Friday, October 12, 2007

Why Buyers and Sellers Should Not Be Treated Differently

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A blog entry recently surfaced in the blogosphere from a San Diego Realtor who claims to be a Buyer’s Realtor, but in reality, he is a traditional Realtor, because he also works with sellers. Although this agent’s name will be spared, the focus of this blog entry will deal with the reasons why buyers should not be treated any differently than sellers. This distinction is very important, because buyers have traditionally been underserved and uninformed in the real estate industry--which is over 100 years old in the United States.

This agent wrote a hypothetical scenario of how he goes about critiquing a property. He did this by using a one-sided role-playing monologue to show how he works. Once he finished his one-man monologue, he started to explain the generic “benefits” of working with him, and then went on to make the assertion that in order to work with him, he would require a non-exclusive buyer’s agreement—along with his interpretation of the “benefits” of working in a non-exclusive capacity. The fallacy of his perceived “non-exclusive buyer benefits” will be explored with the use of critical thinking.

Using critical thinking skills, a person has to wonder if this agent would work in a non-exclusive capacity with a seller—and if not, why? After reading his web site, it has been found that he does not work with sellers on a non-exclusive basis; most listing agents do not. A good listing agent will go the distance for the sellers they exclusively represent. Does a buyer not deserve to receive the same level of service that a seller would receive? Why should buyers be treated any differently? Does this Realtor not understand that exclusive representation for buyers is only fair, considering the level of service and representation sellers have traditionally received for over a century? Why should consumers receive anything less as a buyer than they would as a seller, because a seller will usually become a buyer at some point in the future?

Lastly, this agent claims that it's only fair that buyers work through a non-exclusive agreement, because they are free to work with whomever they want. However, the decision to work under an exclusive agreement--or a non-exclusive agreement--is not a matter of fairness, but instead, a matter of buyer preference; because it depends on the level of service that a buyer wants to have. Buyers must decide for themselves whether they want to be treated as a client, or treated as a customer. As a client, buyers demand and get the best level of personal service from the professionals they work with, while buyers who are only customers are satisfied with—or are unaware of—arms-length transactional-based service.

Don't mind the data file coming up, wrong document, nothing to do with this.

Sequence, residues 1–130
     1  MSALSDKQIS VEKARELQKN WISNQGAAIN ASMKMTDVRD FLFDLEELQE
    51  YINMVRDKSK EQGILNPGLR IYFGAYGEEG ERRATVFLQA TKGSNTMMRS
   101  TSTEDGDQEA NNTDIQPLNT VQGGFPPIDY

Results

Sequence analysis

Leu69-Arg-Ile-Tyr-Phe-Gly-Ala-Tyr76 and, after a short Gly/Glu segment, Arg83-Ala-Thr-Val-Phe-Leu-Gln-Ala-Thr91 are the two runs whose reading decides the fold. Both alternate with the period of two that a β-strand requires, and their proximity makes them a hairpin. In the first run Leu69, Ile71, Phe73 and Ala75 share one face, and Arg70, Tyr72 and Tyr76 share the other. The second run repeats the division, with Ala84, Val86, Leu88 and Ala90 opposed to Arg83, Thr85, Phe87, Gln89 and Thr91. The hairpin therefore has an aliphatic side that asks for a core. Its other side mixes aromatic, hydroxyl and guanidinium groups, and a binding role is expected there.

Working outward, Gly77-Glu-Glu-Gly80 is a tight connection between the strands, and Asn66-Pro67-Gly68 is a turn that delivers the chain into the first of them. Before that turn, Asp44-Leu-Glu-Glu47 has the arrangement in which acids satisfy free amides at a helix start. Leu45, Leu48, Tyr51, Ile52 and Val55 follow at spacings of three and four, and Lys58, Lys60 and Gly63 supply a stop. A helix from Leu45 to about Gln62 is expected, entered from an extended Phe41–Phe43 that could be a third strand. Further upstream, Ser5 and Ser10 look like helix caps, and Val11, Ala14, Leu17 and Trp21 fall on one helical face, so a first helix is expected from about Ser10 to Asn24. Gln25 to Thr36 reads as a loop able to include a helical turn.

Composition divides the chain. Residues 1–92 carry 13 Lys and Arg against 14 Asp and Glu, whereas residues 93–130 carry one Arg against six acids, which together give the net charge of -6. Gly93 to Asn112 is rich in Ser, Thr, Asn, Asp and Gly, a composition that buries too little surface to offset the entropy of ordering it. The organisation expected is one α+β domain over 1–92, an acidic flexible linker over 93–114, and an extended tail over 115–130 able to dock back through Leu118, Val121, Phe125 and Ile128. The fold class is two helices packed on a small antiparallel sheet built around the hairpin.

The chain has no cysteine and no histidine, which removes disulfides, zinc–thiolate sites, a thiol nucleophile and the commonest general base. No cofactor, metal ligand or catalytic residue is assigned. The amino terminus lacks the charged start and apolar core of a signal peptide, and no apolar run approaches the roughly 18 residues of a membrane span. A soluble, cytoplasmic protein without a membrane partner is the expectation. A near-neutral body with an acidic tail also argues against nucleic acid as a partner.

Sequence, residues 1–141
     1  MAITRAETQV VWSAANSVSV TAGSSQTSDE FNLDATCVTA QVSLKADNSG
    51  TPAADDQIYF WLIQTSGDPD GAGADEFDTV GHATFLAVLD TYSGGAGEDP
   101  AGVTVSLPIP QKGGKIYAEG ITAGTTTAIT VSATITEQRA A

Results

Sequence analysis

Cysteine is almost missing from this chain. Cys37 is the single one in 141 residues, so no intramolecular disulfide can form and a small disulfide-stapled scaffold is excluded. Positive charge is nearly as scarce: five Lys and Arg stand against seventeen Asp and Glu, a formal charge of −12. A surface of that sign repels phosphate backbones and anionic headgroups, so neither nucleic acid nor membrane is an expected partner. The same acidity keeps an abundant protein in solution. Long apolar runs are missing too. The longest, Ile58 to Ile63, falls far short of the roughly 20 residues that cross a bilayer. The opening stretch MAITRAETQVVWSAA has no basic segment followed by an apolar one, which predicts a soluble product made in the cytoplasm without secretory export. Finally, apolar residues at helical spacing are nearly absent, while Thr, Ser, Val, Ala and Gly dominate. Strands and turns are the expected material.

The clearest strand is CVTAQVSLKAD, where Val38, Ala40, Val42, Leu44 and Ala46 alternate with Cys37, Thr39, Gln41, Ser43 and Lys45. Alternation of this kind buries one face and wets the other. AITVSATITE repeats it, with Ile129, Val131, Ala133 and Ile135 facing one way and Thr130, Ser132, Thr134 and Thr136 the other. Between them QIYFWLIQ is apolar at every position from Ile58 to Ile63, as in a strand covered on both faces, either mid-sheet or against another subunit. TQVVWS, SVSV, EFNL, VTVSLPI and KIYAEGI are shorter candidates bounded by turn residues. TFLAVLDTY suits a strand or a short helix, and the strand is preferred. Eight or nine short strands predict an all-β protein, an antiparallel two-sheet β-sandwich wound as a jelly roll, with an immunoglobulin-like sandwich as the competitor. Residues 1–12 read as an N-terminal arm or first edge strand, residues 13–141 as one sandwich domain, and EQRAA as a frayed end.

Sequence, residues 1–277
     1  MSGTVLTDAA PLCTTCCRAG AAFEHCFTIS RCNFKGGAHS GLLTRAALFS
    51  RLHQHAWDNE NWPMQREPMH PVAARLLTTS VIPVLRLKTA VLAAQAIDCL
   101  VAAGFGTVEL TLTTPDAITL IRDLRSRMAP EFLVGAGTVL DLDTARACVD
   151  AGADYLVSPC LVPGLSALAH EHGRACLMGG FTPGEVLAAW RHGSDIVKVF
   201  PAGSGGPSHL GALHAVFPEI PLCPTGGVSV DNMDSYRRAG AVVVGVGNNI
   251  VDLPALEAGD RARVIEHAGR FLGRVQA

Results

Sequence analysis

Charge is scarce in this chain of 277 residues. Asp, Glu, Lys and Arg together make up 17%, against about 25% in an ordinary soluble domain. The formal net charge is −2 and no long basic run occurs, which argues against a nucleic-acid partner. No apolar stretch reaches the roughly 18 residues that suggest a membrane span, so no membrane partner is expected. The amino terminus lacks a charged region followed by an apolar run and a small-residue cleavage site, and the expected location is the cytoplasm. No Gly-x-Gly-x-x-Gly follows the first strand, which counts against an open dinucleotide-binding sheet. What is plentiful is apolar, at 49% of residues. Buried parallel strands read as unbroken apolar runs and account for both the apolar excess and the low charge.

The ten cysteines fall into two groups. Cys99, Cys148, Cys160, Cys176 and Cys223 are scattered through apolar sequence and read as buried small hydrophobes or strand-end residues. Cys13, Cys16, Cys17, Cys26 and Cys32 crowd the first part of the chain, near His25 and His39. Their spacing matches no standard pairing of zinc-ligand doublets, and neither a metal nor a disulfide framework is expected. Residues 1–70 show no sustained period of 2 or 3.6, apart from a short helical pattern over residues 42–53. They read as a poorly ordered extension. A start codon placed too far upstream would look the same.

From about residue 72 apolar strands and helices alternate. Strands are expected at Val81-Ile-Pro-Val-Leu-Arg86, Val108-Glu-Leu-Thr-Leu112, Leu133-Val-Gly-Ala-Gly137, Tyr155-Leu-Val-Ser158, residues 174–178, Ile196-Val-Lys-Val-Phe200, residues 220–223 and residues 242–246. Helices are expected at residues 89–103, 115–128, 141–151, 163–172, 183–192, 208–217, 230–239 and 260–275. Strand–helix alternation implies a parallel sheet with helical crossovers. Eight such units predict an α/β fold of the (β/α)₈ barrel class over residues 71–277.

An agent who offers transactional-based service is not concerned with the overall buying experience of buyers. Instead, they are only concerned with handling the particulars for the properties they find for buyers, also known as "procuring cause." Such an agent cannot call themselves an advocate for the buyer, who takes a personal interest in providing a level of service that includes the entire buying experience.

This level of service is the direct result of agent-client relationships that build over time. This keeps clients coming back in the future, because they know they will not be treated as a sales statistic. Such relationships include getting to know clients over time, getting to know their unique situations, getting to know their individual priorities, and taking all of this information into account when creating customized reports based on client needs, related research, compiled market data, interpretation of market trends, and area statistics. An advocate will synthesize all of this important information into a useful and valuable report that will assist their clients in making well-informed buying decisions based on their own unique situations.

This level of service is what a buyer receives as a client under an exclusive buyer agency agreement--not as a customer under a non-exclusive agreement. It also needs to be said that a traditional buyer agency agreement can be signed on an exclusive basis--meaning that a buyer agrees to work only with a particular agent from a traditional real estate office. However, if a buyer agent asks a buyer to consent to dual agency in writing, then the agreement is not for exclusive buyer agency services--which completely prohibits dual agency.

Seller’s receive a greater level of service from their exclusive listing agents, so why shouldn’t a buyer receive this level of service from their exclusive buyer’s agent? If a buyer is satisfied with an arms-length transaction, then a non-exclusive agreement may be right for them. However, buyers who demand the best service should insist on an exclusive buyer agency agreement, prohibiting dual agency, and they should articulate what they expect and need under the agreement.

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